6.
Eur J Heart Fail ; 22(12): 2190-2201, 2020 12.
Article in English | MEDLINE | ID: covidwho-897765

ABSTRACT

AIMS: The coronavirus disease 2019 (COVID-19) pandemic has led to changes in health care utilization for different acute cardiovascular diseases. Whether hospitalization rates and in-hospital mortality were affected by the pandemic in patients with acute symptomatic heart failure (HF) was investigated in this study. METHODS AND RESULTS: Administrative data provided by 67 German Helios hospitals were examined for patients with a main discharge diagnosis of HF using ICD codes. Urgent hospital admissions per day were compared for a study period (13 March-21 May 2020) with control intervals in 2020 (1 January-12 March) and 2019 (13 March-21 May), resulting in a total of 13 484 patients excluding all patients with laboratory-proven COVID-19 infection. Incidence rate ratios (IRR) were calculated using Poisson regression. Generalized linear mixed models were used for univariable and multivariable analysis to identify predictors of in-hospital mortality. The number of admissions per day was lower in the study period compared to the same year [IRR 0.69, 95% confidence interval (CI) 0.67-0.73, P < 0.01] and the previous year control group (IRR 0.73, 95% CI 0.70-0.76, P < 0.01). Age was similar throughout the intervals, but case severity increased in terms of distribution within New York Heart Association (NYHA) classes and comorbidities. Within the study period, 30-day rates for urgent hospital readmissions were higher compared to the same year but not the previous year control group. In-hospital mortality was 7.3% in the study period, 6.1% in the same year (P = 0.03) and 6.0% in the previous year control group (P = 0.02). In multivariable analysis, age, NYHA class and other predictors of fatal outcome were identified but hospitalization during the study period was not independently associated with mortality. CONCLUSION: Our data showed a significant reduction of urgent hospital admissions for HF with increased case severity and concomitant in-hospital mortality during the COVID-19 pandemic in Germany. Identifying causes of reduced inpatient treatment rates is essential for the understanding and valuation with regard to future optimal management of patients with HF.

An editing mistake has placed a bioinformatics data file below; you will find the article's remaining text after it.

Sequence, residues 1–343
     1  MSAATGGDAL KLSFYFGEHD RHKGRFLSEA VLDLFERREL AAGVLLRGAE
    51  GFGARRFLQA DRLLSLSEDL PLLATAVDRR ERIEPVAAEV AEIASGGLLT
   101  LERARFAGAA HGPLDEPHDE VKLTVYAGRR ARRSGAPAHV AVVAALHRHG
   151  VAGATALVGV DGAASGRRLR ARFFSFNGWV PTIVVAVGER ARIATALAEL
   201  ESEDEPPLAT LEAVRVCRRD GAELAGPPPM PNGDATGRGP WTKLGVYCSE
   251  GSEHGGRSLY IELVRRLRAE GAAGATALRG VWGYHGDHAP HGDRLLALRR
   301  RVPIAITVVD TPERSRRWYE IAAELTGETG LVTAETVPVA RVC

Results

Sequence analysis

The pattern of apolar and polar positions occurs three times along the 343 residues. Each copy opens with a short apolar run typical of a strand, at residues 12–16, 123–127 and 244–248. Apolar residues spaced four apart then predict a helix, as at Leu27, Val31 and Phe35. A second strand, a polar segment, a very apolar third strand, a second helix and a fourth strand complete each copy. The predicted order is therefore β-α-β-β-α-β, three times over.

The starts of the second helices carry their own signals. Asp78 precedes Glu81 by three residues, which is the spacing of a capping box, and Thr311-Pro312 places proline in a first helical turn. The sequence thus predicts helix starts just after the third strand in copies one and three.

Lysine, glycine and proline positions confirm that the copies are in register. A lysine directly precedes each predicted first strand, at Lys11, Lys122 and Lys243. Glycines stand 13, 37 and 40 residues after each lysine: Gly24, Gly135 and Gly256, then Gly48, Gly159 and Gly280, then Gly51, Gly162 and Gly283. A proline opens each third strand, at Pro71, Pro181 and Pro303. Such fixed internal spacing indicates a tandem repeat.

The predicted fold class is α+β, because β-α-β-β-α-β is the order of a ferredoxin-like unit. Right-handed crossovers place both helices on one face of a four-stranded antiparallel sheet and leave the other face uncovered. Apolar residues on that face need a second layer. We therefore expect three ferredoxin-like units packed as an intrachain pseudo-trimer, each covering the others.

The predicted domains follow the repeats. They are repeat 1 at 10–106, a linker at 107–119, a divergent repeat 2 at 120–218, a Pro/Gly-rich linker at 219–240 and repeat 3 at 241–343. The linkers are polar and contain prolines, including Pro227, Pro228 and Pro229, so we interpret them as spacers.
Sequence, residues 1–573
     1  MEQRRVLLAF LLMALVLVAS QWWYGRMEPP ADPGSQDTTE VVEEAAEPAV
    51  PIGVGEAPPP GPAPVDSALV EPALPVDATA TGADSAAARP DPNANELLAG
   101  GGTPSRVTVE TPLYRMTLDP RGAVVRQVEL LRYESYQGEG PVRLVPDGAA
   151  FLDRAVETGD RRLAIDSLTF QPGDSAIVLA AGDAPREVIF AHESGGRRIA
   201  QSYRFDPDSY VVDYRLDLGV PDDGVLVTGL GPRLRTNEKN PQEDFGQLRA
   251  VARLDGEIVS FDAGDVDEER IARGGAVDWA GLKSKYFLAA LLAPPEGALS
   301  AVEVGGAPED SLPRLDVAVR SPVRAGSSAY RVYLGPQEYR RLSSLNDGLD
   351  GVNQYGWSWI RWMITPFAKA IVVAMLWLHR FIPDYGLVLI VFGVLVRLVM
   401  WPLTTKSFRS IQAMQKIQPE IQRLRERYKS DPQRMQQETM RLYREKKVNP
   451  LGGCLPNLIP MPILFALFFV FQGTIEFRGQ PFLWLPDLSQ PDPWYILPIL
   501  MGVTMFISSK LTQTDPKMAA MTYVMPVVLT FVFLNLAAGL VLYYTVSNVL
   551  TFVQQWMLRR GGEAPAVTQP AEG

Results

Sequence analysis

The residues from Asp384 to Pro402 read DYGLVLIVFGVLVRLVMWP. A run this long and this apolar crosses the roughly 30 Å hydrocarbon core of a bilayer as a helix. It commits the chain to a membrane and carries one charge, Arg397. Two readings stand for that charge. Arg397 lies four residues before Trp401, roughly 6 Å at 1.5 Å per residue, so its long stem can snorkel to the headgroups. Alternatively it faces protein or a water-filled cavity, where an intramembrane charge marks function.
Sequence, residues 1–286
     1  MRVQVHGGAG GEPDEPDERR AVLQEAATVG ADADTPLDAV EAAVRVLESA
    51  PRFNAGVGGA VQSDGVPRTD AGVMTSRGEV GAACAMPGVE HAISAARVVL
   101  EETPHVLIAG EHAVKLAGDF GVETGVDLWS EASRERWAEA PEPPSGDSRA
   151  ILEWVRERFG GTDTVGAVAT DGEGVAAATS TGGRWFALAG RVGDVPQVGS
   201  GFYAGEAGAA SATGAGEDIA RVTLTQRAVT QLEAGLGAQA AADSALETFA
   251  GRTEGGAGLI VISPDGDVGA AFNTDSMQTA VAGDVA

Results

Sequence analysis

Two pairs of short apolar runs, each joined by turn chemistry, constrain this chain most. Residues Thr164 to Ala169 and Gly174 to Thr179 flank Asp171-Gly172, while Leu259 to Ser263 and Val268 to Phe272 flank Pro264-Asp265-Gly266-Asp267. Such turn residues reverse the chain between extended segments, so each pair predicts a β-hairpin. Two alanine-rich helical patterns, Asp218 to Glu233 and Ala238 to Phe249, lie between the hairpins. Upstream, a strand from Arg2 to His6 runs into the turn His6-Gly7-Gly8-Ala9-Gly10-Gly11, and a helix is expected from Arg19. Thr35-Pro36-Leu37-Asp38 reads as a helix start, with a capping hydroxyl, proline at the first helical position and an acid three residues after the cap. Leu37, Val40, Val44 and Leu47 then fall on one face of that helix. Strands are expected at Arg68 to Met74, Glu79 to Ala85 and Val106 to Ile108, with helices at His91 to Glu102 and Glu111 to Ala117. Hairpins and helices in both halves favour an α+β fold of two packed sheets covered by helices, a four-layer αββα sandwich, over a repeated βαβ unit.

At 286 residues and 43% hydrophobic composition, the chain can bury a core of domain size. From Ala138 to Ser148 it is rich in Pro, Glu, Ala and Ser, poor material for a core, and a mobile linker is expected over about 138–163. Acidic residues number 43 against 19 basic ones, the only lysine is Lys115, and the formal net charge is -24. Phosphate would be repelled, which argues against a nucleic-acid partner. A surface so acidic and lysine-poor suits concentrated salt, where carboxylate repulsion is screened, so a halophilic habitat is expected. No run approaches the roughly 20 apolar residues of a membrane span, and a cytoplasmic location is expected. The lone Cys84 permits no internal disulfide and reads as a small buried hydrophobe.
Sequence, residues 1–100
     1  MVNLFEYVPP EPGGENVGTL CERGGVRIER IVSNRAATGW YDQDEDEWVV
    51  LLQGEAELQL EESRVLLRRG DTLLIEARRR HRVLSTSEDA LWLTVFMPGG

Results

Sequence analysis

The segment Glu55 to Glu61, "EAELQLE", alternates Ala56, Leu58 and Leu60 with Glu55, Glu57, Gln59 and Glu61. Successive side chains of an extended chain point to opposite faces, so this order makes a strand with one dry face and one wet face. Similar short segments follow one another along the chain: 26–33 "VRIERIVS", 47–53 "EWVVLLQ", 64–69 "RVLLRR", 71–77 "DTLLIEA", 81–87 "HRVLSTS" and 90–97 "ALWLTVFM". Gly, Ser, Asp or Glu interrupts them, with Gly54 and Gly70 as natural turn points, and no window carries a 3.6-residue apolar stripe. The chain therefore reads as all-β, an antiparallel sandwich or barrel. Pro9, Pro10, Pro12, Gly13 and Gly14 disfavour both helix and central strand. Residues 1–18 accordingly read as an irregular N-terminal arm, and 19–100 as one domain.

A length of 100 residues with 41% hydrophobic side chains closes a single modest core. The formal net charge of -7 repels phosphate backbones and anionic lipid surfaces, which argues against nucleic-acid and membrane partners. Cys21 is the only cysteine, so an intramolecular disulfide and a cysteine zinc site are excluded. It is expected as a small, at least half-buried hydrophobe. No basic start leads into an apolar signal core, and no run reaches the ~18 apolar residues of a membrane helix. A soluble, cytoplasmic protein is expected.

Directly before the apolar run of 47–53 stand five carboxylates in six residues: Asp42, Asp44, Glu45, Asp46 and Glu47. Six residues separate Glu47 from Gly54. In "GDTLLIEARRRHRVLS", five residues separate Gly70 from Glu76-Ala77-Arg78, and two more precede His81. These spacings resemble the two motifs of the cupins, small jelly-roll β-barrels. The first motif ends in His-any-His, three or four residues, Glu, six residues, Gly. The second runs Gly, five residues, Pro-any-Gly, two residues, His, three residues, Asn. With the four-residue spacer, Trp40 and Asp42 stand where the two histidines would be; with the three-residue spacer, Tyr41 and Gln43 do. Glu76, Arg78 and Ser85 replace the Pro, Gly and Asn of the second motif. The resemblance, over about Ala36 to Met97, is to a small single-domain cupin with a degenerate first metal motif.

Subject(s)
COVID-19/epidemiology , Heart Failure/epidemiology , Hospital Mortality/trends , Hospitalization/trends , Acute Disease , Aged , Female , Germany/epidemiology , Heart Failure/therapy , Humans , Male , Middle Aged , Multi-Institutional Systems , Multivariate Analysis , Patient Readmission/trends , SARS-CoV-2 , Severity of Illness Index
7.
J Am Med Inform Assoc ; 27(9): 1456-1461, 2020 07 01.
Article in English | MEDLINE | ID: covidwho-817427

ABSTRACT